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Mokume Gane (a quick How To Do)


Joshua States

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Disclaimer: I am no expert at this. I have had some great successes, but I have failed more times than I have succeeded.

Reducing forging heat largely depends on the materials used. Generally speaking, the copper mixes are forged at dull red to black heat once fully welded.

There are three large sections in making Mokume: 

1: Welding. This is done in a specific heat range that changes with materials. It is done flat and gently (think trip hammer or press). Takes several heats.

2. Thinning. Also done hot, but not so hot as to easily break the welds. This is below welding heat, but not much. This is reducing the billet thickness down to a manageable  size and refining the welds. The billet is not quite behaving like a solid piece of material yet. Depending on the shape of your billet and equipment, this can de done with a flat bottom die and a rounded top die, or both flat. If the billet is square, you start diagonally and then go parallel to the sides. Still using the trip hammer technique, even if by hand. This is the most difficult stage and I have lost more billets to delamination during this phase than any other.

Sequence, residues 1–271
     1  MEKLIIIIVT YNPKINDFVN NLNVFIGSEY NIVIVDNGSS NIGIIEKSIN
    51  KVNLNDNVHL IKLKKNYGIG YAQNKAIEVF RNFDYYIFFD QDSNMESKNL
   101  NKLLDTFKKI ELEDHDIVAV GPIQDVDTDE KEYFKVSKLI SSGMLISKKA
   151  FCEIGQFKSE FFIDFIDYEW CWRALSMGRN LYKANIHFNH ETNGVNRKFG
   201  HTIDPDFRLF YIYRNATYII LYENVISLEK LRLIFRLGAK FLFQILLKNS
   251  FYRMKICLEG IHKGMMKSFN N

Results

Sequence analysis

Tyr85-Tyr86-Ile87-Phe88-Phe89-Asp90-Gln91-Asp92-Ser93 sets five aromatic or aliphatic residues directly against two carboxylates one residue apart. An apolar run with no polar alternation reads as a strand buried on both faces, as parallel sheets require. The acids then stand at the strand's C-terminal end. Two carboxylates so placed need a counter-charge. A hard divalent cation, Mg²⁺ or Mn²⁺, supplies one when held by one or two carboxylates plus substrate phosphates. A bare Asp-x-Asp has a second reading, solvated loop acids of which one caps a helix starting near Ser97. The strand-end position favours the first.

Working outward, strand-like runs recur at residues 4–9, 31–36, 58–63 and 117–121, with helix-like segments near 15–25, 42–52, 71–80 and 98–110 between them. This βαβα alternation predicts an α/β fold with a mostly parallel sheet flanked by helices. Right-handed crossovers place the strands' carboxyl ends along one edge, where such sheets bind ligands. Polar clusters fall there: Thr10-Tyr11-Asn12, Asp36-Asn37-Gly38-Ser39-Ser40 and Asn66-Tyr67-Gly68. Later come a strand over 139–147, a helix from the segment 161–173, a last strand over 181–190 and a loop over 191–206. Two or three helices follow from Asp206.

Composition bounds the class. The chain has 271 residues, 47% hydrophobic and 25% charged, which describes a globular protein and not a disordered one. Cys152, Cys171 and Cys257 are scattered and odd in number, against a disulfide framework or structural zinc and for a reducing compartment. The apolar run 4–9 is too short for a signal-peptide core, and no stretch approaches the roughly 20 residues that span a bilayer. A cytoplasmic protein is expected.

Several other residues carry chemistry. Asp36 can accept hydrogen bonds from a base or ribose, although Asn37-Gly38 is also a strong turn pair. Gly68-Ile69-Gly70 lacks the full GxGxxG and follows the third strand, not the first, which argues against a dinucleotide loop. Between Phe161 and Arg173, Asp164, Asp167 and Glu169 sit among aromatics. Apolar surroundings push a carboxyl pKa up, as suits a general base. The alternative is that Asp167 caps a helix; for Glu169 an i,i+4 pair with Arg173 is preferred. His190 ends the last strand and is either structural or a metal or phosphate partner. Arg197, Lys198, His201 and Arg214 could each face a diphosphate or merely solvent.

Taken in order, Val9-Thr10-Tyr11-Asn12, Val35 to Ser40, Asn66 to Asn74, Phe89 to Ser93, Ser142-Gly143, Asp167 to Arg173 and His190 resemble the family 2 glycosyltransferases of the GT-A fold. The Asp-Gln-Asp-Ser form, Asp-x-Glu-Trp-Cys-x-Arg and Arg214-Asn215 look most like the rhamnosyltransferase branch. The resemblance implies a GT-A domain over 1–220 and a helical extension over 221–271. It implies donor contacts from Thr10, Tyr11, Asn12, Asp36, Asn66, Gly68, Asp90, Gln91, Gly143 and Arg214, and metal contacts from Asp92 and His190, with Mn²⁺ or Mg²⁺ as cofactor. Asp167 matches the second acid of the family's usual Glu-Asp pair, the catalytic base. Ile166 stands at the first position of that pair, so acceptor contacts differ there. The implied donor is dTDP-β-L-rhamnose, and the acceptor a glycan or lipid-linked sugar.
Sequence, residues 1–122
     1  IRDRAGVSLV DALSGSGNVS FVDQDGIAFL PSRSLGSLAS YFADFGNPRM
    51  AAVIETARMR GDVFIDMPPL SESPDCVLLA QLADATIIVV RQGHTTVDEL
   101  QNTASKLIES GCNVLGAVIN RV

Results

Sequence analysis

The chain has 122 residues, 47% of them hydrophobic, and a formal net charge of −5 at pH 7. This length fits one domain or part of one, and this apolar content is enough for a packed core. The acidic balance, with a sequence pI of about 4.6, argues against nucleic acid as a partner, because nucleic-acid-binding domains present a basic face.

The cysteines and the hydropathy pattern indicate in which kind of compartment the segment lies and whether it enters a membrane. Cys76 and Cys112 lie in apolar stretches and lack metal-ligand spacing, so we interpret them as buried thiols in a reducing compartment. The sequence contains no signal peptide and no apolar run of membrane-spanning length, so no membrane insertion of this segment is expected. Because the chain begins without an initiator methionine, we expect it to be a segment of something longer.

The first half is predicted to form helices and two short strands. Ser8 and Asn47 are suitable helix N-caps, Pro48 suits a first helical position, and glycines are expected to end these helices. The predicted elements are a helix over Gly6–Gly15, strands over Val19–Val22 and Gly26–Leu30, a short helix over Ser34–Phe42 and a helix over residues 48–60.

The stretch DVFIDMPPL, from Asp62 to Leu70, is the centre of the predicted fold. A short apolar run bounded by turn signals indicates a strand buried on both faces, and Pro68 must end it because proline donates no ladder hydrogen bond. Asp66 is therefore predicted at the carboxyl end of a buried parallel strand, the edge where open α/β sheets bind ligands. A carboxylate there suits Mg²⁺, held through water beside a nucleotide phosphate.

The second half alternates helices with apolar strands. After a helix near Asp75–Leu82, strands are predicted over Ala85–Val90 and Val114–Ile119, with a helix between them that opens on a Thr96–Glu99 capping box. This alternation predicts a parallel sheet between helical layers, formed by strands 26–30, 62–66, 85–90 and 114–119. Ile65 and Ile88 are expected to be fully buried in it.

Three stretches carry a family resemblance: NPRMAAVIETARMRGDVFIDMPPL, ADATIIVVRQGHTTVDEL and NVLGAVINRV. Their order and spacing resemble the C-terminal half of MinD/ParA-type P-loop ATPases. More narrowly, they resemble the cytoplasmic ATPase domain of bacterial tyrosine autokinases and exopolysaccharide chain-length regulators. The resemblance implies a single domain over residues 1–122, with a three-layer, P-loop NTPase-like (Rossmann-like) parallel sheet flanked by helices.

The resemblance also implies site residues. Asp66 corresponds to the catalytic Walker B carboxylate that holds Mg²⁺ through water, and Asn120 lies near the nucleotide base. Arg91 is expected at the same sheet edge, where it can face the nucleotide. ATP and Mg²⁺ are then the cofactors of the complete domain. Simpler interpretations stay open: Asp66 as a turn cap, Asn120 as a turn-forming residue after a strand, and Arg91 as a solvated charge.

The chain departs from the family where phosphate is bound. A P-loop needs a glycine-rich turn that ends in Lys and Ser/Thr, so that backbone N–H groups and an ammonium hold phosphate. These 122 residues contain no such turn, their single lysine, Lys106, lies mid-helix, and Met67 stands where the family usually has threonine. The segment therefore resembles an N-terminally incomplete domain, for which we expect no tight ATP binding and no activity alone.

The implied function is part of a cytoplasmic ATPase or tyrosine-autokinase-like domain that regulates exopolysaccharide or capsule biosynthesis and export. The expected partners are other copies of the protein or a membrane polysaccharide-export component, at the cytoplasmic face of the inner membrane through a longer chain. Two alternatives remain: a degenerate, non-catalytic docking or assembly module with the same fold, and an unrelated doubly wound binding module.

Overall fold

3. Patterning. Once you get about half as thick as you started with, the billet is starting to behave more like a solid piece of material. More aggressive forging can be done, but is done at lower heats (depending on materials used).

 

Depending on what materials you use, frequent annealing may be necessary. I have found that any forging of nickel-silver requires frequent annealing. That stuff work hardens very quickly and is prone to hot short. Mokume mixes with NS are done at red heat or lower. This takes a lot of time.

 

I have Ian Ferguson's book, and it's probably a couple hundred dollars now. If you really plan to do this, get the book.

Here  it is on Amazon.

 

I have also been told that Steve Midgett's book is good, but it's in German.

 

This was the best (probably only) set of knife fittings I ever made from Mokume. We made a bunch of jewelry with the rest of it and it all sold.

This is copper/nickel-silver and I patinated the copper to a rich brown.

Mokume Bowie Close up.jpg

 

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“So I'm lightin' out for the territory, ahead of the scared and the weak and the mean spirited, because Aunt Sally is fixin’ to adopt me and civilize me, and I can't stand it. I've been there before.”

The only bad experience is the one from which you learn nothing.  

 

Josh

http://www.dosgatosdesignsllc.com/#!

https://www.youtube.com/channel/UCdJMFMqnbLYqv965xd64vYg